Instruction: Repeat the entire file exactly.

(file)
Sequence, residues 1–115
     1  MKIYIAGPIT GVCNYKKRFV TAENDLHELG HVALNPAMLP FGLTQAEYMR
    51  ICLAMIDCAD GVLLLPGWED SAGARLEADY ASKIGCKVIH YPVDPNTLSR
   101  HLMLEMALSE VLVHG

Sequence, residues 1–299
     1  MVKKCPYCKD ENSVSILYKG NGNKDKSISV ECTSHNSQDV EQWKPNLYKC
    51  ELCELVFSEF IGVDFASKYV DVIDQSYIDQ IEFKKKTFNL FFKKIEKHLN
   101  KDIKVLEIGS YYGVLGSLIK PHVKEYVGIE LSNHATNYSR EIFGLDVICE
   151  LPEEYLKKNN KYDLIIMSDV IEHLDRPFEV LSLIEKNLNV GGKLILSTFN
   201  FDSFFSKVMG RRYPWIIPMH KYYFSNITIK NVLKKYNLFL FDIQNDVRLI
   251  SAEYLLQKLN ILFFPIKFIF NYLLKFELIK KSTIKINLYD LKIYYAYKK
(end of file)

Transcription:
Sequence, residues 1–115
     1  MKIYIAGPIT GVCNYKKRFV TAENDLHELG HVALNPAMLP FGLTQAEYMR
    51  ICLAMIDCAD GVLLLPGWED SAGARLEADY ASKIGCKVIH YPVDPNTLSR
   101  HLMLEMALSE VLVHG

Sequence, residues 1–299
     1  MVKKCPYCKD ENSVSILYKG NGNKDKSISV ECTSHNSQDV EQWKPNLYKC
    51  ELCELVFSEF IGVDFASKYV DVIDQSYIDQ IEFKKKTFNL FFKKIEKHLN
   101  KDIKVLEIGS YYGVLGSLIK PHVKEYVGIE LSNHATNYSR EIFGLDVICE
   151  LPEEYLKKNN KYDLIIMSDV IEHLDRPFEV LSLIEKNLNV GGKLILSTFN
   201  FDSFFSKVMG RRYPWIIPMH KYYFSNITIK NVLKKYNLFL FDIQNDVRLI
   251  SAEYLLQKLN ILFFPIKFIF NYLLKFELIK KSTIKINLYD LKIYYAYKK